We should be talking fishing.
After all, time is wasting this hard-water season — for much of Minnesota, just a few days remain in the popular walleye, sauger and northern pike seasons.
But instead of talking about what’s biting, where they’re biting and what they’re biting on, conversation has turned to trash talk.
And sadly, those conversations have become commonplace this time of year. Ice-fishing houses are coming off the lakes, and as they come off the ice, a good number leave a trail of litter in their wake.
In Minnesota, it’s the time of year Department of Natural Resources conservation officers must dread the most — they’re often left to clean up the mess. Big lakes, little lakes, doesn’t matter. If they hold ice-fishing houses and ice anglers, there’s probably going to be some sort of mess left behind and in need of picking up.
Garbage reportedly still litters portions of Leech Lake, particularly the area around the bay in Walker, Minn. But this isn’t rubbish that had piled up over the winter. No, a good chunk of it was accumulated just over the weekend at the annual International Eelpout Festival.
That the event is much more of a party than a fishing event is no secret. Nor is the fact that Pout Fest usually leaves quite a mess. And maybe, with the balmy weather, this year’s event drew more party-goers than usual. Whatever the reason, Pout Fest-goers seem to have left behind an even bigger mess than usual in search of fun and, to a lesser degree, those foul-looking eelpout.
So who’s going to clean it up? Right now, no one seems to know for sure.
Time to “Keep it Clean.”
Lake of the Woods knows Leech Lake’s pain — and that of many other Minnesota lakes — all too well. In fact, on the Minnesota side of Lake of the Woods near Baudette, it’s like Pout Fest all winter long, especially at a handful of spots that can draw thousands of anglers each weekend.
Tired of fighting a losing battle against trash across the south end of the lake, several key groups in and around Baudette finally took steps to save the lake from this annual rite of spring. In October 2012, in preparation for the fast-approaching ice-fishing season, stakeholders from Lake of the Woods created “Keep it Clean.” It took five groups of mostly heavy-hitters from around the area — the DNR, Lake of the Woods Tourism, Lake of the Woods County, the Lake of the Woods Soil and Water Conservation District and Friends of Zippel Bay State Park — to make it happen.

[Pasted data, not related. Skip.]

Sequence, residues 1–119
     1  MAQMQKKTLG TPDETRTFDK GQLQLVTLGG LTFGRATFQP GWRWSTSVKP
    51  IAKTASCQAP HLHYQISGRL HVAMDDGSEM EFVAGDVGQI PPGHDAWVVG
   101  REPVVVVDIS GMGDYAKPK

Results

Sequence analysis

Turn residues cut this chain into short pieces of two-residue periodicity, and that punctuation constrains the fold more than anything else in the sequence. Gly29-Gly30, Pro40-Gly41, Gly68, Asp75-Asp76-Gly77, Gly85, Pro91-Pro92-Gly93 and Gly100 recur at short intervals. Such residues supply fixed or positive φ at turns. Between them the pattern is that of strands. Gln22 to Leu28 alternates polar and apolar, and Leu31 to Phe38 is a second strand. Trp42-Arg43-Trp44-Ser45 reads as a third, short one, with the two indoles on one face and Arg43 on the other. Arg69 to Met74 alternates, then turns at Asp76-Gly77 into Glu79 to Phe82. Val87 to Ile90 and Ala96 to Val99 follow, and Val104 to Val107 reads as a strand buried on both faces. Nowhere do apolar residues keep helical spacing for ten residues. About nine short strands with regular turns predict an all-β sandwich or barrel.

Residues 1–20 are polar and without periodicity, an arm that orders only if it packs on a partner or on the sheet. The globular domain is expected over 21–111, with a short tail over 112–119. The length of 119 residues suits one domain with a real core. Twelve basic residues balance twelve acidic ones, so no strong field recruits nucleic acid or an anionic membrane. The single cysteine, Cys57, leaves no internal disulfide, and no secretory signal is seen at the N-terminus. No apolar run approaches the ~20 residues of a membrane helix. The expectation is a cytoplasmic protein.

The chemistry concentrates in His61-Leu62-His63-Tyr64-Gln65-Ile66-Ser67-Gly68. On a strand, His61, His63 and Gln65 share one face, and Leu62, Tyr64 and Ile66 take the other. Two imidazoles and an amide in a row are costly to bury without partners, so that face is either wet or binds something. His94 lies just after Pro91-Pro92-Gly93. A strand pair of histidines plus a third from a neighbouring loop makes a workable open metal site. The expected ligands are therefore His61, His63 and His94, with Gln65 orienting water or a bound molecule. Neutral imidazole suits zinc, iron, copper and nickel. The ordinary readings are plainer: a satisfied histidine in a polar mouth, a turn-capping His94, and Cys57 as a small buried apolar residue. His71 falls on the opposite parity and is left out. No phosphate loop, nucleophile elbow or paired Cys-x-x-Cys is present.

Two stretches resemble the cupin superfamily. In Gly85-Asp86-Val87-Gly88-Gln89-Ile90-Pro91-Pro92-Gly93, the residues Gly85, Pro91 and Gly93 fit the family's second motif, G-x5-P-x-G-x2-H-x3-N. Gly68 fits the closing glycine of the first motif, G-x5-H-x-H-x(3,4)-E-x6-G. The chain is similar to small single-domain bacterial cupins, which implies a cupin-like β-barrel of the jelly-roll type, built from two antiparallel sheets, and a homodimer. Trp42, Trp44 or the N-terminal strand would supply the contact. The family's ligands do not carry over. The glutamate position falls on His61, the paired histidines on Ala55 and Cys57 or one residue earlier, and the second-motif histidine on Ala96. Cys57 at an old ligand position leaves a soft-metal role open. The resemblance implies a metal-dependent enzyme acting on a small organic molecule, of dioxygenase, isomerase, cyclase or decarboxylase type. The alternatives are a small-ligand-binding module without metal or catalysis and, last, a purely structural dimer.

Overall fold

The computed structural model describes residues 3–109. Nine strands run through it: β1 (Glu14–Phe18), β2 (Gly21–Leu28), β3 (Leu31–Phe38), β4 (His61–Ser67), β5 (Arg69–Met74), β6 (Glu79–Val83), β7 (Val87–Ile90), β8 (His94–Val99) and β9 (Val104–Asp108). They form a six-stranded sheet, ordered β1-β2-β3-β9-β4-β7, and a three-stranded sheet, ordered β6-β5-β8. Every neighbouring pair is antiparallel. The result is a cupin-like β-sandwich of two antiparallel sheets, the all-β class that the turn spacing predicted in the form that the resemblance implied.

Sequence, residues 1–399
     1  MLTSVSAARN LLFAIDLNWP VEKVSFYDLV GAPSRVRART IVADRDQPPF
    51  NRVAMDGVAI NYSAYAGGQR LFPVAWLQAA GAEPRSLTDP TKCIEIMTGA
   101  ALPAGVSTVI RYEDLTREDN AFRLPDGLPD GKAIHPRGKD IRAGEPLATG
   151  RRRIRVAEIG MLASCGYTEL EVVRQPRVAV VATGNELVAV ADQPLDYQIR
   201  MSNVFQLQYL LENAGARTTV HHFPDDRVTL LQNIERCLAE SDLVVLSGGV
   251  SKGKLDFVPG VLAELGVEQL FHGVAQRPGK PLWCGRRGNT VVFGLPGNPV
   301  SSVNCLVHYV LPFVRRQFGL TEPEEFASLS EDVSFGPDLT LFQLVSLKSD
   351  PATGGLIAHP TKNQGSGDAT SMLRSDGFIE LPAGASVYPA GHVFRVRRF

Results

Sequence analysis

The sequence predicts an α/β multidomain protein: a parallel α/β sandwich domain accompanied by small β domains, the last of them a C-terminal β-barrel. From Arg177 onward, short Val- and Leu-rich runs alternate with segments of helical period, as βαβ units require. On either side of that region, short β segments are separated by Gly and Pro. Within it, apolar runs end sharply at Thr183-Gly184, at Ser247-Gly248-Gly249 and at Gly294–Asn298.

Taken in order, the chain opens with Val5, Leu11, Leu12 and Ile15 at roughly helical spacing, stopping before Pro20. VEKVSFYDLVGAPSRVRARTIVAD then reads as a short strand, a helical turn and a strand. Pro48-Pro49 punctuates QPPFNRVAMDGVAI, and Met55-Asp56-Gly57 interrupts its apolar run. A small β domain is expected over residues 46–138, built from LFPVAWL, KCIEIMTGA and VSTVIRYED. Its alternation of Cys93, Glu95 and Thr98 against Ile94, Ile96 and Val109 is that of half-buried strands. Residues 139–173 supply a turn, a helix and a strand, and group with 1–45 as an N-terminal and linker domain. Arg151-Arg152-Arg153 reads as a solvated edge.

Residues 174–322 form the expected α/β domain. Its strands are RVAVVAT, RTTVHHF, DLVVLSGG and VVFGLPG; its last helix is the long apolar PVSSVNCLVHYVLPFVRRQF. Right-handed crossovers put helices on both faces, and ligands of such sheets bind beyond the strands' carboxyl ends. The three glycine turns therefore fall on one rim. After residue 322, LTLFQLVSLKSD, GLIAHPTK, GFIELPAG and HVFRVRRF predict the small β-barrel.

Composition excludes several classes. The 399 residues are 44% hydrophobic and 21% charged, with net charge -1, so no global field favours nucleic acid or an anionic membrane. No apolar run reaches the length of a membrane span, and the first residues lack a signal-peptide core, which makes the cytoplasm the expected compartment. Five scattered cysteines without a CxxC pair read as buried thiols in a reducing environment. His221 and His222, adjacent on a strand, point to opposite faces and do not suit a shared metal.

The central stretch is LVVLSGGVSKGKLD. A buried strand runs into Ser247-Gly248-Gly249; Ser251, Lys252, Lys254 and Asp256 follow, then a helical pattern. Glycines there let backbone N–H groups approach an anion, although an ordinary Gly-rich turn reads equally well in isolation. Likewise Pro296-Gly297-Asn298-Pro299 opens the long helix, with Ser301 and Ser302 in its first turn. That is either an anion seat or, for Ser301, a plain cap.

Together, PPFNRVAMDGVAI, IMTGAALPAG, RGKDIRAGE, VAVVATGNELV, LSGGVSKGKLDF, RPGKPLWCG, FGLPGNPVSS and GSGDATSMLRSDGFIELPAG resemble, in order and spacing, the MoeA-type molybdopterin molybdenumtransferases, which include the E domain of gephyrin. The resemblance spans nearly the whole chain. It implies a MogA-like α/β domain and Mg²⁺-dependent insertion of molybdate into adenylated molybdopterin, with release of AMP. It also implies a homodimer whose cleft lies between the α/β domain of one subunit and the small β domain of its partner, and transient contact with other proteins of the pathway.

As a journalist in Lake of the Woods County at that time, I was at those county board meetings when “Keep it Clean” was being pitched. As is the case with government most anywhere, at least at that level, decisions don’t always come quickly. But there was no dawdling when it came to funding and support for “Keep it Clean.” To at least some extent, most everyone in the county had a stake in the lake.
Funding mostly went toward a half-dozen large dumpsters that since have been placed at strategic, high-pressure locations on the south shore during the hard-water season. Yes, “Keep it Clean” is a mindset, too — the garbage isn’t going to pick up itself. And community cleanup drives after ice-out help the cause. But the dumpsters alone have made a monumental difference at Lake of the Woods over the last four winters.
I have to believe that if the same were available on the ice at Pout Fest — or even other lakes across the state — we might not be talking trash.
Eelpout, maybe. But that’s OK. Not nearly as ugly as the alternative.